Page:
Summary of Trespassing Charges
Caught illegally entering someone else's property?
In Georgia, trespassing is a misdemeanor punishable by fines or possibly jail time. Under the law, trespassing can be interfering with another person’s use of personal property without their consent or entering someone’s land or premises after being warned to leave. Causing property damage of $500 or more can also fall under the category of trespassing. If you have been arrested and charged for trespassing, you need to contact Robert Booker as soon as possible to help protect your rights and your freedom. Our attorney from Law Offices of Robert L. Booker is dedicated to providing the personal service you deserve. At our firm, you are a person, not a number and we are available anytime day or night to answer your questions and to keep you fully informed about all of your legal options.
Being arrested and charged can be an intimidating experience but there may be defenses available to you. There may be questions about whether or not warning signs were posted, or whether you had an opportunity to leave the property after being informed that it was private property, or whether any damage was actually done. Proudly serving Gwinnett County, Attorney Robert Booker is dedicated to fighting for the best possible results for all of his clients.
Penalties for Trespassing
When found guilty of the misdemeanor charge of trespassing, the punishment can be as severe as a $1000 fine and up to one year in jail. If the jail sentence is less than 6 months, the judge has the discretion to order weekend confinement or to allow the sentence to be served during non-working hours. The judge might also opt for restitution, community service or some other combination of fines, restitution and community service. There are many factors that can influence a judge’s decision, such as whether or not there is an accompanying charge such as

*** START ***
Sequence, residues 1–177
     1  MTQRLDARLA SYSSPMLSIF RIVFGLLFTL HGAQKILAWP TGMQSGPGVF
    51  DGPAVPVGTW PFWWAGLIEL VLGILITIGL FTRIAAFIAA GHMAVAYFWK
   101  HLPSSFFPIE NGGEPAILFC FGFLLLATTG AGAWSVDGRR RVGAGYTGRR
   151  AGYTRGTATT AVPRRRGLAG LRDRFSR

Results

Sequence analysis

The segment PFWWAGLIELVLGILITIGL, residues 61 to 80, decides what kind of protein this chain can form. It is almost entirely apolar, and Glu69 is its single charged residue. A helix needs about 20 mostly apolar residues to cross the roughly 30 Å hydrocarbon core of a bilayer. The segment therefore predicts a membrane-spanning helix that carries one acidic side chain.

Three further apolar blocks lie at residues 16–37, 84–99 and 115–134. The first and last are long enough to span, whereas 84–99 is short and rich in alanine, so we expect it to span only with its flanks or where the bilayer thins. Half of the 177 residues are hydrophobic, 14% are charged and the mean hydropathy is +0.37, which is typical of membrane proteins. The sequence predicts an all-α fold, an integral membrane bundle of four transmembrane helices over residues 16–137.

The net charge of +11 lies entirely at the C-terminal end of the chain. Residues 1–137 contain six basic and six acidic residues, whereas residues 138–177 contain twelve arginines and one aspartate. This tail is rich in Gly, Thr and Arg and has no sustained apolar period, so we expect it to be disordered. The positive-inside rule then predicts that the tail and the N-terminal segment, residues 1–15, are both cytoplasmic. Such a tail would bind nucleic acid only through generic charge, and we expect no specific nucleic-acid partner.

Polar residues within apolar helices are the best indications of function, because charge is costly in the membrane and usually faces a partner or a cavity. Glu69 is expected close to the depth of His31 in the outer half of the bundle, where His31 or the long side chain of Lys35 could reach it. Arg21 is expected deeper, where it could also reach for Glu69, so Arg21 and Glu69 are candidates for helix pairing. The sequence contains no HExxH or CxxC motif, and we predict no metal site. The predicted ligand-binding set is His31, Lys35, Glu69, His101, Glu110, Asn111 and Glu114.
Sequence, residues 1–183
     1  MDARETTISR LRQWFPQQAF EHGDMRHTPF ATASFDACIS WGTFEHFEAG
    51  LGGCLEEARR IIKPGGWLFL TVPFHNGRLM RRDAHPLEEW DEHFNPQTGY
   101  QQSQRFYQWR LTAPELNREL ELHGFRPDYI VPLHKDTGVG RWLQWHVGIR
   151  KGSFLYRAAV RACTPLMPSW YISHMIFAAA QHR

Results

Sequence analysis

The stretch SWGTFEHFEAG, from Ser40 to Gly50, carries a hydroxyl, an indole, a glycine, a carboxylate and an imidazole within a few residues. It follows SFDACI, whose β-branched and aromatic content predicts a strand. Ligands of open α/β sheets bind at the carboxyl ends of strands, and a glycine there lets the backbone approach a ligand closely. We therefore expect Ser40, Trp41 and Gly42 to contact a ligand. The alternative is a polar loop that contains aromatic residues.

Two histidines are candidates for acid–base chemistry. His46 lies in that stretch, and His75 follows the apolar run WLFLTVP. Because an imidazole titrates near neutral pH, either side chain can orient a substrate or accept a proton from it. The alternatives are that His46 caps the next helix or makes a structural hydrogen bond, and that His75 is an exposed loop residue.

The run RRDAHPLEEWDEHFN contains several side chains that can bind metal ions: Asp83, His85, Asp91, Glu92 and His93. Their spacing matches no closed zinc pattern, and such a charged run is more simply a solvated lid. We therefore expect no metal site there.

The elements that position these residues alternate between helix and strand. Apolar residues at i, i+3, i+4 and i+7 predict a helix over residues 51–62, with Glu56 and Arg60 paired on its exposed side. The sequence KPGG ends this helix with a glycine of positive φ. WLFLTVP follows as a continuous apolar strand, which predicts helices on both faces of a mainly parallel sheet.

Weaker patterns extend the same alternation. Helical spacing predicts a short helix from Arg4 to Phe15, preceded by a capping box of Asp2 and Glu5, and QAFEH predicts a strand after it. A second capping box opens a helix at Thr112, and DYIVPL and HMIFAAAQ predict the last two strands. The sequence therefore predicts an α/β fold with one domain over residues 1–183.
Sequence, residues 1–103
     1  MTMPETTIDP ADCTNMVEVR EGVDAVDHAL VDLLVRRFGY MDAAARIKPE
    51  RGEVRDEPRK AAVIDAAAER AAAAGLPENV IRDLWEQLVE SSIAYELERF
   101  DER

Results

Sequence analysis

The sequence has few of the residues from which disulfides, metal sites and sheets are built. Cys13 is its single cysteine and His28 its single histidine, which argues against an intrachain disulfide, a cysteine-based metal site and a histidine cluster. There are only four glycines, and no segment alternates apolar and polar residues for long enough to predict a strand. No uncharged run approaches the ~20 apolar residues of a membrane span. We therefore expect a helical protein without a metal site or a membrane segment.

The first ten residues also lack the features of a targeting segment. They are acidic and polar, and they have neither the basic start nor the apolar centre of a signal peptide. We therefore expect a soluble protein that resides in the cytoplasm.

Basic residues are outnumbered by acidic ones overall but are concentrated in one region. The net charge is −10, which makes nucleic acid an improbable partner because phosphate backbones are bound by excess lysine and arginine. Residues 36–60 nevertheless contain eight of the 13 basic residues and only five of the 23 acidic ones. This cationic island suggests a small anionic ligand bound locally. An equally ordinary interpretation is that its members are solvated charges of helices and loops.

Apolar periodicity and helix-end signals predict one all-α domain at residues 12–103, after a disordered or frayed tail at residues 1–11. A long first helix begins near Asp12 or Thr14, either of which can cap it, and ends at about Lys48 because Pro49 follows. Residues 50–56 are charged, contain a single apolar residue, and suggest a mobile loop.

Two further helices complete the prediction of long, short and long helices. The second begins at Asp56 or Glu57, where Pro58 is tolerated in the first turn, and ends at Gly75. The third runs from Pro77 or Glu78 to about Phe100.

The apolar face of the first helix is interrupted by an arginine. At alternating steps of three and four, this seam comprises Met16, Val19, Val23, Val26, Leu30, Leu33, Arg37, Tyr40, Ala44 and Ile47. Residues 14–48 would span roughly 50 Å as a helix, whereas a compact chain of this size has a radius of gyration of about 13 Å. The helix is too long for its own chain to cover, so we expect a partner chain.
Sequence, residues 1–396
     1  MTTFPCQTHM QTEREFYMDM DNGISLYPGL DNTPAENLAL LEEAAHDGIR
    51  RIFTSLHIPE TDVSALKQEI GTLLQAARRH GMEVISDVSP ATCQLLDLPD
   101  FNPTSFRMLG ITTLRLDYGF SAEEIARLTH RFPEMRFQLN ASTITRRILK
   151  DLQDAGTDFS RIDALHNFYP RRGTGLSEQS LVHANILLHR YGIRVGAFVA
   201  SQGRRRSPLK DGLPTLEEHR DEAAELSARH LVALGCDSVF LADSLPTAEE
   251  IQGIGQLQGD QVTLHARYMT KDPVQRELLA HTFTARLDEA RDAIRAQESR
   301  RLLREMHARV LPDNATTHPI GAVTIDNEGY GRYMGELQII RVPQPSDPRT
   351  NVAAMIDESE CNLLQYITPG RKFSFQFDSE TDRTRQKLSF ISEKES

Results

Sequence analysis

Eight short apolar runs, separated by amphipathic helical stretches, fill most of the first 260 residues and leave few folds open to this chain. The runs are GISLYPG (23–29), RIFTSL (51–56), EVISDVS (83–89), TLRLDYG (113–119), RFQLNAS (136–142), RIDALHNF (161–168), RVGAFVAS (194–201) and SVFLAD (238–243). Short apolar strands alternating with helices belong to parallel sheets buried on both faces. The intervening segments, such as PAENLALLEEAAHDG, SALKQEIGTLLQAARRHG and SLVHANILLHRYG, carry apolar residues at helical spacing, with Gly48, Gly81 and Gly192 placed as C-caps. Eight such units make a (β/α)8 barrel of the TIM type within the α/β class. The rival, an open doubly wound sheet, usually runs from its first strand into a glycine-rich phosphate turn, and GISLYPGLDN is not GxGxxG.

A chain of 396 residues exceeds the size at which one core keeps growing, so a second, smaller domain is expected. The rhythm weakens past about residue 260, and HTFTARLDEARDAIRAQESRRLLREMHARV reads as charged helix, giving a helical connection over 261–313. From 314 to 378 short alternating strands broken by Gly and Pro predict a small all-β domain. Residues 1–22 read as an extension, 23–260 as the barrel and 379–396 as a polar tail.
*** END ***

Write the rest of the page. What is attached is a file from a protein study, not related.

robbery, or which of the following types of trespassing have been filed:
- Trespassing offenses against personal property occur when someone knowingly and maliciously interferes with another person’s property without their consent.
- If more than $500 of damage is done to someone’s personal property, this can also be criminal trespass against property.
- Trespassing offenses against real property occur when someone enters onto another person’s land or premises after being informed to leave. It is also trespassing to enter someone’s land with the intention of committing a crime. In Georgia, it is also trespass entering another person’s vehicle without permission.
- Trespassing also includes any defacement or damage done to any military memorial or military grave marker.
Having a skilled lawyer by your side is critical when defending yourself against a trespassing charge where the court has so much discretion. At our firm, we are thorough and take the time to help all of our clients. Our confident and zealous approach to protecting your rights will help you when facing the stress and uncertainty of criminal charges. Contact The Law Offices of Robert L. Booker to help you defend a trespassing charge.